I go on a date with a computer scientist, I’m telling him about the RHA open submission, and how thousands of artworks will be anonymously judged. He wonders if a robot could be programmed to screen the artworks for passable features and filter them into a more manageable next round that would be judged by people. Outraged, I fluster; but encountering a piece of art is a human, bodily, experience! Technology is not capable of this experience! The whole point of art is for human beings to encounter it!

He looks frightened.

Leaving the panel discussion I peep through the glass doors of the NCAD gallery; the people are gone and what remains is the physical evidence of their movements through the materials that filled the space. Heaped flour, shattered glass, slimy leaves on the window pane, a mangled stick of lard, pink pigment with letters scribed into it, and a path of shiny black stones leading you in the scene. It’s very beautiful, and quiet, a messy map of what has occurred here, an after-image. Very much like a painting I realise. A painting may be considered as the material evidence of the artist’s physical movements, after the act. Performance, rather, invites the viewer into the physical act itself, and in doing so sometimes makes the viewer implicit in the end result. In this case there was an encounter between artists and materials, and there were witnesses. Where the lines between art-maker and art, art-maker and art-maker, viewer and art, viewer and art-maker began and ended up is difficult to definitively say.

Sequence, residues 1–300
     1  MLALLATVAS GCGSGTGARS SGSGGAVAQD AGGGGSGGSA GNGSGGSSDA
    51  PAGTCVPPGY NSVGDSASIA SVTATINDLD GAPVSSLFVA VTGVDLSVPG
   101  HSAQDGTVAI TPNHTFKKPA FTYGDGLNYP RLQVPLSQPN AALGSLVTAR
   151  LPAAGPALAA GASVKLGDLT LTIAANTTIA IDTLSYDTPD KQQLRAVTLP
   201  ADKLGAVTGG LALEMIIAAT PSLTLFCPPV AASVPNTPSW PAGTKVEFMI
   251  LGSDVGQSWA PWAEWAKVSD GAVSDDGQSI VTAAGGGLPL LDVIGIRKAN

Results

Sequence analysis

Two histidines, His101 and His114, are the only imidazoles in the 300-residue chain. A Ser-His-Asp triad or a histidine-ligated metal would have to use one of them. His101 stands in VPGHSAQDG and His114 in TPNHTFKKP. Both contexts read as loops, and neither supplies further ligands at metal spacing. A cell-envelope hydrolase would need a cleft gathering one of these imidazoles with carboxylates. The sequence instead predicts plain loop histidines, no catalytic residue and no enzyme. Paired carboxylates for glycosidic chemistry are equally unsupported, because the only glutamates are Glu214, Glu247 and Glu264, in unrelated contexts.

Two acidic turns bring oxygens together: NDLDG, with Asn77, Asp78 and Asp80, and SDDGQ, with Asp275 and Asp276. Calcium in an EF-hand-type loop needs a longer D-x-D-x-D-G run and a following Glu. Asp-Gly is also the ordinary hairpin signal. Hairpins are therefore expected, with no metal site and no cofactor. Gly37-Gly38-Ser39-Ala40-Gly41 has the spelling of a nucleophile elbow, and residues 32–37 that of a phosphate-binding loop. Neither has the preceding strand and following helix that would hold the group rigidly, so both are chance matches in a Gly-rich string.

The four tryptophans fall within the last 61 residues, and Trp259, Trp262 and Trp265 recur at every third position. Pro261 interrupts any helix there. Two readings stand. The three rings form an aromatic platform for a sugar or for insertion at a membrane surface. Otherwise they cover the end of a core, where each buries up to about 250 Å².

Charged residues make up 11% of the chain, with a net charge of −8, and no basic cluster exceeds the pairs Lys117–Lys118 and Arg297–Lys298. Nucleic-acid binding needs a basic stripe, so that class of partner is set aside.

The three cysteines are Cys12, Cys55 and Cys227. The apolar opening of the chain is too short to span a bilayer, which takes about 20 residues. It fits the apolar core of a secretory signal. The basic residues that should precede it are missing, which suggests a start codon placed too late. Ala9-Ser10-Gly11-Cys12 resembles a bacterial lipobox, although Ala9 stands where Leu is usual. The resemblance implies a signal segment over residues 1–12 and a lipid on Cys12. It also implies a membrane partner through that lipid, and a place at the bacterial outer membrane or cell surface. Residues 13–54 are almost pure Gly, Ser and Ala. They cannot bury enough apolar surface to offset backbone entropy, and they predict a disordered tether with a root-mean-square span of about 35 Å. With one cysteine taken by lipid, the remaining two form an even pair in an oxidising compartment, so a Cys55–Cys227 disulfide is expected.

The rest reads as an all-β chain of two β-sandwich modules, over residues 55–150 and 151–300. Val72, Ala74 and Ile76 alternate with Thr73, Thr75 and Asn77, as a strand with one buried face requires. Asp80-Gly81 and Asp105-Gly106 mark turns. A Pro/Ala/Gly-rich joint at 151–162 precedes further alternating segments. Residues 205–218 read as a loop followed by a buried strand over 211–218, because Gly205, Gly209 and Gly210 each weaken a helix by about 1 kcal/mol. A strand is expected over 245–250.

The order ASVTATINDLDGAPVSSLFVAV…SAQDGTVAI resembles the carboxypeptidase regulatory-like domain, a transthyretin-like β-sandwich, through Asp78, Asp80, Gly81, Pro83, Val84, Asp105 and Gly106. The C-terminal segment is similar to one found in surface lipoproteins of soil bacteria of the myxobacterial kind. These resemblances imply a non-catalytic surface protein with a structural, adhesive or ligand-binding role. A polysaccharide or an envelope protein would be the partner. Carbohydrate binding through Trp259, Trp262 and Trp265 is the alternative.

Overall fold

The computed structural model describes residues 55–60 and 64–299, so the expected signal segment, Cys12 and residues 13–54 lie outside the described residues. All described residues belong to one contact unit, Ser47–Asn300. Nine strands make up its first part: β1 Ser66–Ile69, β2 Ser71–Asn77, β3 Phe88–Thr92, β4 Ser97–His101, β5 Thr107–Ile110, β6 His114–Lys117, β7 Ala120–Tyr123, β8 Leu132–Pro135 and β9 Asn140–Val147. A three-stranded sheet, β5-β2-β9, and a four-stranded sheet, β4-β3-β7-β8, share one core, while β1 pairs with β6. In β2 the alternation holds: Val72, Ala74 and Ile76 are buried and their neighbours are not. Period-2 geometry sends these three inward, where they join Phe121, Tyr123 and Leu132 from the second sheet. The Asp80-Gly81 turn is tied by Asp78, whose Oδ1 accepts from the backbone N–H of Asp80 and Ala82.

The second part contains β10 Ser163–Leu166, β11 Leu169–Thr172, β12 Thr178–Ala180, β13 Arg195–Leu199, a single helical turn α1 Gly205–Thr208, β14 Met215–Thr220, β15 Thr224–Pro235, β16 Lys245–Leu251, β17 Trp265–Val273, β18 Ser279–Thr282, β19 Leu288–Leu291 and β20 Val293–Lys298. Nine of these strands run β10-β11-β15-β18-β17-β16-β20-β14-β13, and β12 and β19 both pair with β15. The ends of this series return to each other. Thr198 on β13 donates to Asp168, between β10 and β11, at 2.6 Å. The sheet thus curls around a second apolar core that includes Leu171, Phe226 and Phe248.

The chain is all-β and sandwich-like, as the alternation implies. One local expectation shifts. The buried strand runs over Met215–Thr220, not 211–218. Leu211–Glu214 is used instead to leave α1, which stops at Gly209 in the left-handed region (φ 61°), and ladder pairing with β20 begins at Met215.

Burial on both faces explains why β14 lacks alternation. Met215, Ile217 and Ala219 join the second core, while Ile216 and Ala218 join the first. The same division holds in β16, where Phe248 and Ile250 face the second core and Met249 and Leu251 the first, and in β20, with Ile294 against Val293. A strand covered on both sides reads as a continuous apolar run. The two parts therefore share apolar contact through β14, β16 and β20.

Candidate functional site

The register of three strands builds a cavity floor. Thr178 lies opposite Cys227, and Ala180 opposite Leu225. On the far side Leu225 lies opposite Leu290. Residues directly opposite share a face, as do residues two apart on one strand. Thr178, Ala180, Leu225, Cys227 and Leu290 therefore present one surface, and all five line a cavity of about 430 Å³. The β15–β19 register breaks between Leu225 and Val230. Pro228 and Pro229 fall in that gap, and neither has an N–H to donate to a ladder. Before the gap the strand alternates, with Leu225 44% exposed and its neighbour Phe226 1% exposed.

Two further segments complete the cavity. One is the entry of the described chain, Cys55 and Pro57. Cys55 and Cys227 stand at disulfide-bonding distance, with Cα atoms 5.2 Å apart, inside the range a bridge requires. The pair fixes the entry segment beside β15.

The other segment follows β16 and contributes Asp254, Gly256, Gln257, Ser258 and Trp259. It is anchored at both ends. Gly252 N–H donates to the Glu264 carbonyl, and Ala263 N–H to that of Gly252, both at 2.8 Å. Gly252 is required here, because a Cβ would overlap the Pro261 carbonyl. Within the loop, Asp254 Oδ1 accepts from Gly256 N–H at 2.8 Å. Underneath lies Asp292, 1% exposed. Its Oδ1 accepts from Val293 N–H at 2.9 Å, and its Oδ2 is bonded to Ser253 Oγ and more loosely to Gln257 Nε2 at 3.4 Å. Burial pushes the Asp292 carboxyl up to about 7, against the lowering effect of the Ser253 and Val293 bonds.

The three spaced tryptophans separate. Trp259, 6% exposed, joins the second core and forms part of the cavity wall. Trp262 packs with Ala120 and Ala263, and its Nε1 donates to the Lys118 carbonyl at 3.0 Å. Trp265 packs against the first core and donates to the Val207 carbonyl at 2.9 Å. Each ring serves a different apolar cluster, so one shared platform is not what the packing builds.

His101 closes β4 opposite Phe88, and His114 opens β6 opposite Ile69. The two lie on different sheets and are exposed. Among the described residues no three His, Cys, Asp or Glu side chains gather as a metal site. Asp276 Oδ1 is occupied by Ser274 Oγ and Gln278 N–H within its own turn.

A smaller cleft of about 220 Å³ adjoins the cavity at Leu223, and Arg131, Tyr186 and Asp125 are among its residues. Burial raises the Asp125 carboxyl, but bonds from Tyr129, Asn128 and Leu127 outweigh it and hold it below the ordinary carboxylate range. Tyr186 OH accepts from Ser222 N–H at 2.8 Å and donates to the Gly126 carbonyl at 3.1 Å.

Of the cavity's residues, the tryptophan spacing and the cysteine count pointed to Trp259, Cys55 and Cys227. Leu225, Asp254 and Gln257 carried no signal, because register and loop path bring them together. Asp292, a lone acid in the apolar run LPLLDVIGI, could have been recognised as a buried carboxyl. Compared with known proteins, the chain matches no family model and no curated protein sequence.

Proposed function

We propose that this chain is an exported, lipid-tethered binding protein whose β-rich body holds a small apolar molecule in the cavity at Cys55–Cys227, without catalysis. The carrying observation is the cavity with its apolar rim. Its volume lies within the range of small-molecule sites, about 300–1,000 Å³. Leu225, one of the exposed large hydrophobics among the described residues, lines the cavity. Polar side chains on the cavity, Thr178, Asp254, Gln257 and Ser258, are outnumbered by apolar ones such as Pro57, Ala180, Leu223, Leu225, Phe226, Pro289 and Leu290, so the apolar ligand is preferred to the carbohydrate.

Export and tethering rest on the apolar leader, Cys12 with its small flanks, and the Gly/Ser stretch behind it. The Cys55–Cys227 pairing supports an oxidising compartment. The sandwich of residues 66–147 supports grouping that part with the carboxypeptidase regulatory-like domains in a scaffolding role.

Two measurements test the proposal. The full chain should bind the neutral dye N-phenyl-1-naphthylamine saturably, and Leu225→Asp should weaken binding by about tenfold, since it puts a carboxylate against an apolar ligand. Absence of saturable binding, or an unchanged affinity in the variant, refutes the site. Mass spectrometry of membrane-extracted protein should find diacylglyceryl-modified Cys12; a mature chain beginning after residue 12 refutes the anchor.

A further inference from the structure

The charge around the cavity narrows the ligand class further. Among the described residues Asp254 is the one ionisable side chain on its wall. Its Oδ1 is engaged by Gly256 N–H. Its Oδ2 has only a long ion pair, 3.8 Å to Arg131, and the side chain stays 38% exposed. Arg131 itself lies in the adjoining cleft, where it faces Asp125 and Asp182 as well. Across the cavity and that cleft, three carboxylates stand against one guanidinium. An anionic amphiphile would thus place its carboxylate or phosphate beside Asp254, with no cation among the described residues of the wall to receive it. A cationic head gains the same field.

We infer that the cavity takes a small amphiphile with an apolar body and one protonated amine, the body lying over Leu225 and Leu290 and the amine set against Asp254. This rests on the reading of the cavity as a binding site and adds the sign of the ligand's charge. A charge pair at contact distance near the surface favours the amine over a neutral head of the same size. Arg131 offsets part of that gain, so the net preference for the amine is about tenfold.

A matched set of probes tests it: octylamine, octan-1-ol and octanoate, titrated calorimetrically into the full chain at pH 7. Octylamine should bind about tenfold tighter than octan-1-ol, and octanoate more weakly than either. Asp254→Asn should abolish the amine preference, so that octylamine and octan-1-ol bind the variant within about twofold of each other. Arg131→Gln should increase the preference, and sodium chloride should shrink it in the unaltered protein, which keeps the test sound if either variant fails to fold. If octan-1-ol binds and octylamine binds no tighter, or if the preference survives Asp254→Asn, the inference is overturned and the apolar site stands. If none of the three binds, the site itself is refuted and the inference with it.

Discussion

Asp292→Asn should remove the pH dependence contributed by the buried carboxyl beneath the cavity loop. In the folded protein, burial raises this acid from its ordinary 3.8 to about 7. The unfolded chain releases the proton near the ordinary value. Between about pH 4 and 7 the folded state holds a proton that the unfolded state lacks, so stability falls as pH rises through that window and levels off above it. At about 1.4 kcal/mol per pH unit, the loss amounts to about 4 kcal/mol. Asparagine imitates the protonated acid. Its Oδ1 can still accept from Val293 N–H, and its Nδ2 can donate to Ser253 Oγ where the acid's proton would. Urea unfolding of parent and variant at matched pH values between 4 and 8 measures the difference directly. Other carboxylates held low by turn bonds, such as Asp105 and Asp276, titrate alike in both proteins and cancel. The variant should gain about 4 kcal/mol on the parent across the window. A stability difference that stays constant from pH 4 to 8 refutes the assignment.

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Anticipation: Actualisation is the first performance event to be organised by in:Action editors EL Putnam and Sara Muthi. It took place on 21 March at the NCAD gallery and involved performers Ciara McKeon, Paula Fitzsimons, Léann Herlihy, and Rachel Rankin. The post-performance panel included Nigel Rolfe, Sarah Pierce, and Hilary Murray. Stay tuned for further written responses to the event by Francis Halsall, Tara Carroll, Jack Beglin, and Jesse Hopkins. Photography by Misha Beglin.

 

Reference

Hickey, D., 1993. Prom Night in Flatland, in: The Invisible Dragon: Four Essays on Beauty. Art Issues Press, Los Angeles.